What are the biggest dangers to you if your flat is CPOed?

The number one danger is the amount of money they will offer you for your flat compared to what it is actually worth on the open market.

The councils have a legal obligation to ensure that a flat owner is in ‘a no better or worse financial situation’ after a CPO. The reality though is different and very grim.

Councils tend to make their first offer of compensation a derisibly low offer to start with to shock flat owners and set their expectations and then over a period of many months they incrementally increase the offer whilst doing a good job of managing everyone’s expectations.

Below are some very rough figures I have been given (I have not been able to check the validity of all of them all. I have heard the same figures time and time again however so they will be pretty accurate)

  • Hendon (worth £347,000), opening offer £130,000, final offer £214,000
  • Heygate (worth £355,000), opening offer £114,000,  final offer £164,000
  • Colville (worth £270,000), opening offer £120,000, final offer £150,000
  • Woodberry (worth £330,000), opening offer £130,000, final offer £158,000

Data obtained by campaigners at the Aylesbury estate under the Freedom of Information Act found Southwark council paid £147,500 for a four-bedroom, 97 sq m maisonette. The average house price in London at the time had just had hit £400,000.

At the West Hendon estate in Barnet, some leaseholders were offered just £90,000 for a one-bed flat and £130,000 for a two-bed maisonette when the council applied for the first in a series of compulsory purchase orders.

This is hugely unfair to flat owners who are not being given a fair market price for their flats and they cannot buy a like to like flat on the new development.

There is then a real human cost to receiving unfair compensation. Many leaseholders will be too old to get a mortgage and will not be given enough compensation to buy another flat in the area they have grown up in. They will be faced with either using their capital for rent until it is used up or moving hundreds of miles away to be able to buy cheaper properties.

Those young enough to get a mortgage will be in a similar positon of not being able to afford to live in the area they currently do – with their friends and extended families – and will instead be forced to move to cheaper areas. This causes real issues for families forced to break up, and it is widely documented that people in these situations are suffering from depression or mental health issues due to losing the support of their friends and families.

Of course if leaseholders are unhappy with the valuation offered they can take their case to the Upper Tribunal but the cost of valuers, solicitors and barristers is very daunting to leaseholders. Also the councils, who get all their fees paid for by the tax payer, are almost certain to appeal if they don’t get the desired decision, thus wiping out a huge portion of the compensation received by a leaseholder, win or lose.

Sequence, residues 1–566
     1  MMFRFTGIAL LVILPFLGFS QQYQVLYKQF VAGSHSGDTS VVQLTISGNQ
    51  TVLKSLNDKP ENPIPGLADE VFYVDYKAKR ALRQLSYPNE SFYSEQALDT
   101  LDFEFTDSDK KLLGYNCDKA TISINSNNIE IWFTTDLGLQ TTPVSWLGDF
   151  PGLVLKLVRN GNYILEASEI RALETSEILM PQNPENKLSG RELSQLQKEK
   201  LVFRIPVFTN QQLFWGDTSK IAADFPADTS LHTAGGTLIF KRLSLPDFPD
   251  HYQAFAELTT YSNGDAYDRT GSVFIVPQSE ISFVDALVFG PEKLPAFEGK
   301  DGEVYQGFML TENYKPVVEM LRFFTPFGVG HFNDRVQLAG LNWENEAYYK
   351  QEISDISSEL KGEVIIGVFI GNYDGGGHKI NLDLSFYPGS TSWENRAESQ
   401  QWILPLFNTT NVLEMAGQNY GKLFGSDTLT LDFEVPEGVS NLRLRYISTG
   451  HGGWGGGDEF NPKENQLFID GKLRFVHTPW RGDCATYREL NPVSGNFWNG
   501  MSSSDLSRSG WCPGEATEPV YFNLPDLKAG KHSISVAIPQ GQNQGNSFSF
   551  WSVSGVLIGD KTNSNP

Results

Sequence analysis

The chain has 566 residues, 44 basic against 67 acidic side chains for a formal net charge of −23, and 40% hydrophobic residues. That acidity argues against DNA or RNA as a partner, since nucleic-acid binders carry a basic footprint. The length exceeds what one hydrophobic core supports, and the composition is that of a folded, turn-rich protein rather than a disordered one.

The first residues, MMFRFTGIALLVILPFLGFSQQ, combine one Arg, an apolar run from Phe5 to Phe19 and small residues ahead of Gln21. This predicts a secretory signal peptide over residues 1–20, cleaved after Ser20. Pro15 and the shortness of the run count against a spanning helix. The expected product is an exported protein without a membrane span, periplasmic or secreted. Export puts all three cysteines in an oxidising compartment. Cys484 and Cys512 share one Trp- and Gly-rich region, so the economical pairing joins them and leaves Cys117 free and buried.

Will buying your freehold prevent a CPO from happening?

34836_chopsticksbeforePossibly. A council can make a CPO on any property as long as it is can be proved to be in ‘the public’s interest’. In reality though, it is generally much easier for a council to make a CPO on property they broadly own than to do it on property that is completely privately owned.

The more buildings that have the freehold purchased the harder it will become to make these sweeping CPOs.

There is also the scope for a much higher valuation for flats with a share of freehold of between 1-3% which on some high value flats will start to make a big impact on compensation.

There is a further argument that was successful and became case law in CPOs.

Transport for London v Spirerose Limited.

Spirerose successfully argued a form of “hope value” on the future development value on the freehold of the building that they owned. This adds a further layer to possible compensation if a building has been bought from the council.

Councils will not like the fact that bulk lease extensions and freehold purchases are being done on these estates as it will be driving up the compensation they will have to pay out if they try to serve a CPO.

What can you do to stop a CPO?

Anyone can submit a freedom of information request to a council to see if your block is being considered as a possible CPO target. There can be lots of rumours around the fact but it is simple to find out the truth.1441360468

If you are targeted for a CPO don’t despair! The council have to jump through a lot of hoops to get the permission required to take possession of your homes.

Organise yourself into a group with your neighbours who will be affected. The best possible chance you have is to act as a group to fight the proposal. Connect your group with those social tenants at your block who will also be looking to object; although you will both have different issues you have the same goal and it is a mistake to act separately.

Look at what other estates have done to fight CPOs, as there is a lot of information out there.

Write to MPs to let them know the human cost of CPOs.

Just recently the Aylesbury estate has won a famous victory to prevent a CPO taking place but we need to watch closely what happens next.

Some useful links

The official stance on CPOs

Some key case law

Another tower of shame (35 percent)

Heygate sell off (35 percent)

Heygate Estate Southwark Notes

©Barcode1966 – 2016